Molecular Basis of Bipolar Disorder

Currently, the understanding of the biochemistry of bipolar disorder is poor at best. Most recent studies are in the vein Etain et. al, 2012, in which the study revolves around elucidating abnormalities in pathways with potential links to bipolar disorder. In the case of Etain et al., the pathway in question was the melatonin biosynthesis pathway. In their study, the authors are able to show a connection between ASMT (acetylserotonin O-methyltransferase) and bipolar disorder susceptibility by screening a total of 825 bipolar patients and 892 controls in two separate studies (one set of patients and controls was from France, the other was from Germany) for a series of rare mutations in ASMT and found that certain mutations were slightly more prevalent in bipolar individuals. However, the only real outcome of the study is to make suggestions as to the significance of the ASMT in bipolar, no mechanism for its action in the disease state at a chemical level is elucidated (Etain et. al., 2012). Other studies, such as one published by Yang et al. in 2009 in Nature Molecular Psychology, looked at genes that are involved in circadian rhythm, as well as certain protein kinases that had regulatory functions in this system. Of particular interest here is the presence and significance of GSK-3, which was found in one sub-group of the experimental group to be more active due to lower levels of phosphorylation. Since GSK-3 regulates so many pathways, it could be implicated in the alterations of gene expression that the study observed (Yang et al., 2009). Unfortunately, again the best this study could do with the data they collected was to postulate that the effects on circadian rhythm were potentially involved in the disease state, but no chemical reasoning could be provided.

GSK-3 under normal conditions with magnesium ions.  generated in swiss PDB viewer.
GSK-3 under normal conditions with magnesium ions.
generated in swiss PDB viewer.

GSK-3 is also important because it is one of the most studied targets of lithium and other mood stabilizers (Klein and Melton, 1996 and Chen et al, 1999). As is mentioned in the treatment section for this disease, research into the mechanisms of Bipolar often runs backwards, from treatment to chemical understanding of the disease state. In this way, GSK-3 has been studied by probing the nature of its interaction with lithium and valproate, and subsequently the interactions of GSK-3 with other cellular proteins. A good example of this from recent literature is in Kao et al’s paper from 2013 in the Journal of Neurochemistry. In their article, the authors start by discussing the importance of fibroblast growth factor 1 (FGF1) in regulating cell proliferation, cell division, and, most importantly for this topic, neurogenesis. The authors found that treatment of the cell cultures they were using (FGF-1B and FGF1 positive and negative glioblastoma cell lines) with valproate up-regulated the expression of the FGF1 even in the FGF1 negative cells. The authors used a variety of different blotting techniques and tests to show that valproate was activating FGF-1B by inhibiting HDAC (histone deacetylase) and GSK-3 (Kao et al., 2013). In another study published in 2013, Zhang et al used a lentivirus vector expressing GSK-3beta to test the effects of over-expression of GSK-3beta in mouse brains, specifically in the hippocampal region. They found that the over-expression caused the mice to start exhibiting symptoms of depression according to the standard mouse testing procedures for models of depression (decreased sucrose preference, immobility during forced swim tests, etc) (Zhang et al., 2013)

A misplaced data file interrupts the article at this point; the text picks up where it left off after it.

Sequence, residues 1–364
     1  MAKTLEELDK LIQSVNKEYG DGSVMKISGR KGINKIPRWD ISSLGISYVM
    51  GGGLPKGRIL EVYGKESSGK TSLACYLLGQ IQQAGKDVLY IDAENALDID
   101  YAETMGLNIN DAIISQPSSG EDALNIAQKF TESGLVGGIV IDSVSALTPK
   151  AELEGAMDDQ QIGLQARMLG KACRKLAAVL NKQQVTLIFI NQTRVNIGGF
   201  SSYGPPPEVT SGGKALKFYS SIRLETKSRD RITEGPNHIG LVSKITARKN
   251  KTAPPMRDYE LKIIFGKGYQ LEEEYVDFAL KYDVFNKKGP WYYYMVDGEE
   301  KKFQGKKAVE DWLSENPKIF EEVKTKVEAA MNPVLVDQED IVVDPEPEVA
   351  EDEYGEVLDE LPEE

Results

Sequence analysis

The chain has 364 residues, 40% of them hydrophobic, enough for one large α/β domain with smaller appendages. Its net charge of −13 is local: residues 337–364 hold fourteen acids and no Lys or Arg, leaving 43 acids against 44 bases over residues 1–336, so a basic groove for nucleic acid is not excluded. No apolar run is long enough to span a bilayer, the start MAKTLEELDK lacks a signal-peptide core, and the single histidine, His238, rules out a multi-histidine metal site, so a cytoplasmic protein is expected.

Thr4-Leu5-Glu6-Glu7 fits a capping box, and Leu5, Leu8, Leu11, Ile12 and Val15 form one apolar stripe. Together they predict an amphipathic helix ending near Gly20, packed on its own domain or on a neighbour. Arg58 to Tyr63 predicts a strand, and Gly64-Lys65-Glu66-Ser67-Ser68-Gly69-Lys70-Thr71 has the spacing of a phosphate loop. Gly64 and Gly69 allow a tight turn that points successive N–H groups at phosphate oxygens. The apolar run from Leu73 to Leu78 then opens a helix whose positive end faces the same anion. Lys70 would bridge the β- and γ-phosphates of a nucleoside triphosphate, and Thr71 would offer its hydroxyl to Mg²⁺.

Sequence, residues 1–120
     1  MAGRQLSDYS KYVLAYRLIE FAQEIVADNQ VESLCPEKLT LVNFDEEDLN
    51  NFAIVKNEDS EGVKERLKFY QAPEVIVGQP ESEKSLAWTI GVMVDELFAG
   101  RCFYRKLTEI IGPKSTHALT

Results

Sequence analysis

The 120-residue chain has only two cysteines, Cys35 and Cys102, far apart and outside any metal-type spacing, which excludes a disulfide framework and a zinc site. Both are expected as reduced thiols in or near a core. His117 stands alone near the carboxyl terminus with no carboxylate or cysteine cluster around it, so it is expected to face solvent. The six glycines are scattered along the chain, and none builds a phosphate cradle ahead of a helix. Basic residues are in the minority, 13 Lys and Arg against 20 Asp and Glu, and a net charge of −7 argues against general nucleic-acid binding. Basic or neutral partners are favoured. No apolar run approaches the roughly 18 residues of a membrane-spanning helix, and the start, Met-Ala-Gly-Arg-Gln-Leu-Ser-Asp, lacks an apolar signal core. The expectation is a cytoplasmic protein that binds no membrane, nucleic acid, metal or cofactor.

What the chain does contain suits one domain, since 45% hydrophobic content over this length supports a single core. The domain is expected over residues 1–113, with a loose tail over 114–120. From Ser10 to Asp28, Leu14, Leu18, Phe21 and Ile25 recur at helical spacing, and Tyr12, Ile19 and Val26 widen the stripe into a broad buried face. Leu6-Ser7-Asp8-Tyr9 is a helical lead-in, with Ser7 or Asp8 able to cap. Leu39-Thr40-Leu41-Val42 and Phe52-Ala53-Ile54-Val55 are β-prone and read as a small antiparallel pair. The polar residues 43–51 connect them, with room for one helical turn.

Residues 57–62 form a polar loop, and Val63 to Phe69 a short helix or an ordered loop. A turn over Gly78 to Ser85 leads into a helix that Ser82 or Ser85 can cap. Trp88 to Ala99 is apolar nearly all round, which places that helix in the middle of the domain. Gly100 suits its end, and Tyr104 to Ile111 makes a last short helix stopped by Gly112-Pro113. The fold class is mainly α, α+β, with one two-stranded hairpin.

expression of synapsin in differentiated neuron Chen et al
expression of synapsin in differentiated neuron
Chen et al 2014

Moving forward from modelling the actions of drugs in cancer cells and mice, a very recent piece of work by Chen et al published in Nature Translational Psychiatry (Chen et al., 2014) showed that a model system could be developed using induced pluripotent stem cells from bipolar patients. The authors generated dozens of cell lines which are now in cold storage for future use, and also ran tests against a control population of induced pluripotent stem cells in order to determine what the differences in transcription where between bipolar and non-bipolar cells, at each developmental step from biopsied skin cells to fully differentiated neurons. They found a huge list of proteins that were being expressed at higher or lower levels in bipolar cells, and this paper, which is discussed more in the spotlight on the main page of this website, will likely serve as the basis for several new experiments that will move our understanding of bipolar forward quite significantly.